On this date three years ago, the Reds, Mariners and Yankees reached an agreement on a complicated deal. Not only was it an uncommon trade between three teams, the deal was only pushed across the finish line when the most prominent player involved agreed to a three-year contract extension with his new club.
As part of the January 21, 2019 agreement, the Reds landed Sony Gray. Cincinnati agreed to take a $7.5 million salary for the season and promised an additional $30.5 million through 2022. (The deal also included a $12.5 million club option for 2023.) The Reds were also relegated with a left-handed throw probability Sanmartin River from New York. In return, they sent the infringer Shedd Long Jr. to Seattle, who flipped their last draft in the second round, Josh Storrsto the Yankees.
Gray, the 2015 All-Star and AL Cy Young winner, was the obvious headline for the deal. After a generally solid run in Oakland, he was sent to the Yankees on the 2017 trade deadline. However, Gray didn’t do well during his extra year in the Bronx, averaging a 4.51 ERA/4.40 FIP across 195 2/3 innings. He has handled certain struggles at the confines of Yankee Stadium friendly striking, managing a 6.55 ERA in the home competitions during his time in the striped streaks.
The Reds set Gray as a target as they neared the end of a rebuild that landed them in the basement at NL Central for four consecutive seasons. They were rewarded for this decision, with Gray instantly changing things up in his new surroundings. He rolled 175 1/3 shots with a 2.87 ERA during his first season with the Reds, earning his second All-Star nod and some Cy Young votes in the process. FanGraphs and Baseball Reference tied Gray as the most valuable player on the team that year by Wins Above Replacement.
Gray’s first stellar season wasn’t enough to propel the Reds past the season, but Cincinnati qualified for an extended playoff the following year. His 56 innings off a 3.70 ERA ball in the short season wasn’t quite as impressive as his first-year numbers, but he was still an above-average strength that contributed to a decent team appearance from 31 to 29. The Reds did not play the playoffs over the course of an entire schedule. last year, but Gray put on another great show. The 32-year-old’s 4.19 ERA marked a step back a bit, but his 27% hit rate, 47.2% ball ratio and 3.85 SIERA suggest he may have been negatively affected by a poor defense behind him.
Cincinnati has not achieved the success the team had undoubtedly hoped for over the past three seasons. This isn’t any fault of Gray, though. Over 366 2/3 innings with the Reds, the Vanderbilt scored a 3.49 ERA/3.57 FIP, making the opposing hitters for the .208/.292/.345 streak slim. Buying at a low price after his feud with the Yankees proved to be a smart move for former President Dick Williams, General Manager Nick Krall, and the rest of the front office in Cincinnati.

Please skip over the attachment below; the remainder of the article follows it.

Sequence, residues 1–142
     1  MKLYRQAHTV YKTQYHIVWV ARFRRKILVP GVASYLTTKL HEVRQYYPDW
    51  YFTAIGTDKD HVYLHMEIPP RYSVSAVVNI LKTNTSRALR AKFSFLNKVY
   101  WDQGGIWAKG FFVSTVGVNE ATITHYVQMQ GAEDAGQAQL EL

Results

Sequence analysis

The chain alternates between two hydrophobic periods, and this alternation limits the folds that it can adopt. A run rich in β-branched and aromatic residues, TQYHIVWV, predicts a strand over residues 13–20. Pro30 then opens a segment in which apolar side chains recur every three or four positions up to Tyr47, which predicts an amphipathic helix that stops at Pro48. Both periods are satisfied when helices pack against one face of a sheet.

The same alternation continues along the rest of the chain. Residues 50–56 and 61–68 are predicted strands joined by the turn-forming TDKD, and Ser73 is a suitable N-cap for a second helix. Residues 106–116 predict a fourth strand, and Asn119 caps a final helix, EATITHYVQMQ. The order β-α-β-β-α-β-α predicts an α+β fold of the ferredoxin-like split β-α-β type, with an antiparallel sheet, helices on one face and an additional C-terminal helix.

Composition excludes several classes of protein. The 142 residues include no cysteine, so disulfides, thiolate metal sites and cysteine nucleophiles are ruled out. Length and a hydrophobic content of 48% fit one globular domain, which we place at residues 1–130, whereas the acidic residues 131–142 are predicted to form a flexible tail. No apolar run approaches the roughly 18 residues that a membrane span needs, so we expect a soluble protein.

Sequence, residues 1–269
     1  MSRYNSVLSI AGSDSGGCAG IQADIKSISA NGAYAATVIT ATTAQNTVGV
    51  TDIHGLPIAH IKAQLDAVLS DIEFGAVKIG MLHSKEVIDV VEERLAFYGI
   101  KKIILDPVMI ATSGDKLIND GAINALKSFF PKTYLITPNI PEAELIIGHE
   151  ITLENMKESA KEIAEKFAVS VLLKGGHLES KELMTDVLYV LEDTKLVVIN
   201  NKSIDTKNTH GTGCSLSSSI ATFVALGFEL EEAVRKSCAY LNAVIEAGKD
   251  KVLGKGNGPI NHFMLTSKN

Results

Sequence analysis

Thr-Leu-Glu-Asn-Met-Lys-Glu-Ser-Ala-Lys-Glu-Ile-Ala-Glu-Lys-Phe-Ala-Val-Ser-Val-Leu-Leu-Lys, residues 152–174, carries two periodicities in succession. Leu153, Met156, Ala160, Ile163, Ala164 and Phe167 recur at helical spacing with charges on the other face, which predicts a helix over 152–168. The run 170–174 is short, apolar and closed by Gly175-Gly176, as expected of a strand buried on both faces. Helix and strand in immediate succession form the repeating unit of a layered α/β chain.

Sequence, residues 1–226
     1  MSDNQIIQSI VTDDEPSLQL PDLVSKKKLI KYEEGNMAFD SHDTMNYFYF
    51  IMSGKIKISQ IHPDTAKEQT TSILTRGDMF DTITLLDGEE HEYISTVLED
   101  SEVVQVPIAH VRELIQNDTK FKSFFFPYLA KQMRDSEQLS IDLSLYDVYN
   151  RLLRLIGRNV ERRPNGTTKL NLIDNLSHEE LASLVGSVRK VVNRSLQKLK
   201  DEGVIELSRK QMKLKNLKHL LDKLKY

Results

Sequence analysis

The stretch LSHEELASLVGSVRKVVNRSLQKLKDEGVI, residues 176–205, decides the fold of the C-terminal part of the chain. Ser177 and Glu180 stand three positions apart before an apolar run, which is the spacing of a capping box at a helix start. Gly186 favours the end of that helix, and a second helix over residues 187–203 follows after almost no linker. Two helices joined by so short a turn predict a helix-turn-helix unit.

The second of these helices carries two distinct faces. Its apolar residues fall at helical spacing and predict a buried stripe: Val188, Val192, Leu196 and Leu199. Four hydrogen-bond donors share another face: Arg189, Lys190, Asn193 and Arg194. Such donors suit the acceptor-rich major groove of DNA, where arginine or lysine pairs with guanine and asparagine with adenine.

It remains to be seen if Gray’s tenure with the Reds is over. It is still manageable for two seasons under the terms of the extension he signed at the time of the trade. The organization may be looking to cut payroll after the shutdown, and Gray may offer the best combination of recent productivity and availability in the trade and a 2022 salary (~$10.167 million) of anyone on the list.
And whether Gray is dealt for the third time or opens next season in Cincinnati, the deal is a win for the Reds later. In fact, of the three possibilities involved in the trade, Sanmartín is the only one left with the club that acquired it. He started his first two MLB games during the final week of last season and could be a deep start or long savior for Cincinnati this year.
The other two possibilities – Long and Stowers – were more respected than Sanmartín at the time of the trade. However, neither of them emerged as a long-term option in their new institutions. 412 billboard appearances over three years with Seattle. He did well as a rookie but struggled between 2020-21, dealing with frequent injuries around his right leg. The 26-year-old was dropped from the Mariners’ list of 40 players at the end of last season, elected as free agency in the minor league and has yet to sign elsewhere. Long characters to get another chance – even if only by convention of minors – and is small enough to have a real chance to turn things around, but it didn’t have that kind of effect in Seattle, no doubt their front office was hoping for.
In the meantime, Stowers hasn’t broken into majors yet. He spent two years in the New York farm system, then was traded to Rangers last April as part of the deal that sent Rougned . scent to the Bronx. The 24-year-old (25 next month) then hit .220/.311/.466 in 351 games in Double-A. He has not been added to the Texas 40-man roster after the season ends, and he will be eligible for selection in the Rule 5 draft once the lockdown is over. As with Long, it’s too early to close records related to the Stowers’ career, but he will be available to the rest of the league for more than just an active spot on the roster in the coming months.